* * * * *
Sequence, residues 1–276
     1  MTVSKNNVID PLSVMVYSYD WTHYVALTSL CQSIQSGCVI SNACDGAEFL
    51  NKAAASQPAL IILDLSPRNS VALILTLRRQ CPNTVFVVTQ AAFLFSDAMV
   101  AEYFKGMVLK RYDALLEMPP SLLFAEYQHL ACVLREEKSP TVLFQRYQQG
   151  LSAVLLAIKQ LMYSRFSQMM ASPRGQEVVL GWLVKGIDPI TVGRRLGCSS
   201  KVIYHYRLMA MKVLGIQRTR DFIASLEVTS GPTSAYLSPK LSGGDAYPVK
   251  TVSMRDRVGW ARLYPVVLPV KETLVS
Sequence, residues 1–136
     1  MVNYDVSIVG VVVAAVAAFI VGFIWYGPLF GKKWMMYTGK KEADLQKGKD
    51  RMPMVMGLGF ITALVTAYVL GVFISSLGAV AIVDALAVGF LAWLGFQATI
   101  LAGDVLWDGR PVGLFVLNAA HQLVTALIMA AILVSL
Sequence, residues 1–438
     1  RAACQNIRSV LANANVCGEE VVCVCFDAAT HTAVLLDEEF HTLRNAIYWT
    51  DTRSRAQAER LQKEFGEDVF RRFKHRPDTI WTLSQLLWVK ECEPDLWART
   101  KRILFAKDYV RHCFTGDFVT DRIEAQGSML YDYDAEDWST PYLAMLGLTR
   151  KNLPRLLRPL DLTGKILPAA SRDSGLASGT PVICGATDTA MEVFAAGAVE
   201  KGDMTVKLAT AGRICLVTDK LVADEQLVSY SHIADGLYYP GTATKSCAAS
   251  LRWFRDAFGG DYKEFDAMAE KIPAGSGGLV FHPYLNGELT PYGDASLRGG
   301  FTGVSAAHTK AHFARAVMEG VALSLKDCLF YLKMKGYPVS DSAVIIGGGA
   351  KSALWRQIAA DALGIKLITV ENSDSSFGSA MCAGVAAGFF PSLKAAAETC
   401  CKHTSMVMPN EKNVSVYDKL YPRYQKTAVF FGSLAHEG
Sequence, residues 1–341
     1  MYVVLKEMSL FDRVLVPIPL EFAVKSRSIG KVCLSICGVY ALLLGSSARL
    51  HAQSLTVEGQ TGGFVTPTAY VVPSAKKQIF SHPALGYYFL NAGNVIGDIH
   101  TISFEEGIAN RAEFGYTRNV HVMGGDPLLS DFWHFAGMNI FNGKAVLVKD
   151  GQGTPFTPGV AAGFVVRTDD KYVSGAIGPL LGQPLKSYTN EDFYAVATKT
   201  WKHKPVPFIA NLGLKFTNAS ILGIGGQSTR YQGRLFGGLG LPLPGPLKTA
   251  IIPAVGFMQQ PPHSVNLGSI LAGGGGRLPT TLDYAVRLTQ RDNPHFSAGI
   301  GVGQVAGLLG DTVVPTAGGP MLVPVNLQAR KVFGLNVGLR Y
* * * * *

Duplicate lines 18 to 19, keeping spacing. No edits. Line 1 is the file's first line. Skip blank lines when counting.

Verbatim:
   251  LRWFRDAFGG DYKEFDAMAE KIPAGSGGLV FHPYLNGELT PYGDASLRGG
   301  FTGVSAAHTK AHFARAVMEG VALSLKDCLF YLKMKGYPVS DSAVIIGGGA